The United States cannot fall dormant with regard to FARC. As Noriega reminds us, there is a continuing need for U.S. and European financial authorities to intensify their efforts to locate and seize billions of FARC assets and channel them to state-run development and security programs. U.S. intelligence and security cooperation must persist in order for Colombia’s military and police to deter, detect, and defeat any involvement of FARC in the lucrative drug trade. Deprived of narcotics resources, FARC will continue to wither, peace or no peace.
The United States can also encourage forward movement on such matters as demining—an undertaking Secretary Kerry has fully embraced—and for which the United States seeks global buy-in. FARC cooperation in mine-removal is a win-win situation.
The Colombia peace saga is far from ended. Ever-present realities—the historic memory of wounds and injustices committed in a half century of conflict, mutual suspicions, concern for impunity for extraordinary crimes, distrust of government and guerrilla elites—have emerged to make the climb to lasting peace in Colombia even more difficult than was imagined just weeks ago. The world now awaits the next Colombian chapter.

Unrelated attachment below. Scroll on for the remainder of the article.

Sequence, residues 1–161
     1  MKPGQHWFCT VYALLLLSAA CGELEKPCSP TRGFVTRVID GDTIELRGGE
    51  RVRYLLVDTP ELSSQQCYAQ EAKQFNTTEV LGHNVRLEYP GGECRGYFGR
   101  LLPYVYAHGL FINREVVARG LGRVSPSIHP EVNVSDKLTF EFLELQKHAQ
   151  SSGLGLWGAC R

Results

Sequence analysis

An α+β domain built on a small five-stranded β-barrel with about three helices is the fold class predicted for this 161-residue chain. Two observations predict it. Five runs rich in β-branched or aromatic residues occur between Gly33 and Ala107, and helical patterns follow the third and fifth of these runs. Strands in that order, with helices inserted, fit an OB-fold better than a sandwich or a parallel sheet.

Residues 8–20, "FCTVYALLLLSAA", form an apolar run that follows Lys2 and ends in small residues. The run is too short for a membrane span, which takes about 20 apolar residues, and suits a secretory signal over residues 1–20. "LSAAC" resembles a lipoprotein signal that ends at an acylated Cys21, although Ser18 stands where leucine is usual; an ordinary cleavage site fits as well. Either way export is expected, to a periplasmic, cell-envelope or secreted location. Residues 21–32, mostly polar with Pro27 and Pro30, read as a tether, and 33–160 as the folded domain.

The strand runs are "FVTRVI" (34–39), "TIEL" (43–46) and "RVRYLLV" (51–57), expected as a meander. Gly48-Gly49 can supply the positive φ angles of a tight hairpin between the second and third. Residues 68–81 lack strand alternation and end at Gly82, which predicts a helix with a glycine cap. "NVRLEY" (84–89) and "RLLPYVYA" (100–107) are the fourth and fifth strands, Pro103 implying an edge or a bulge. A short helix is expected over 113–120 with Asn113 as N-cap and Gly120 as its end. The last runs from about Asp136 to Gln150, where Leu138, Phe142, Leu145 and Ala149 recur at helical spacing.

Ray Walser, PhD is a retired Foreign Service Officer and former senior policy analyst at the Heritage Foundation.
Image: Demonstration against FARC in Madrid, Spain. Flickr/Camilo Rueda López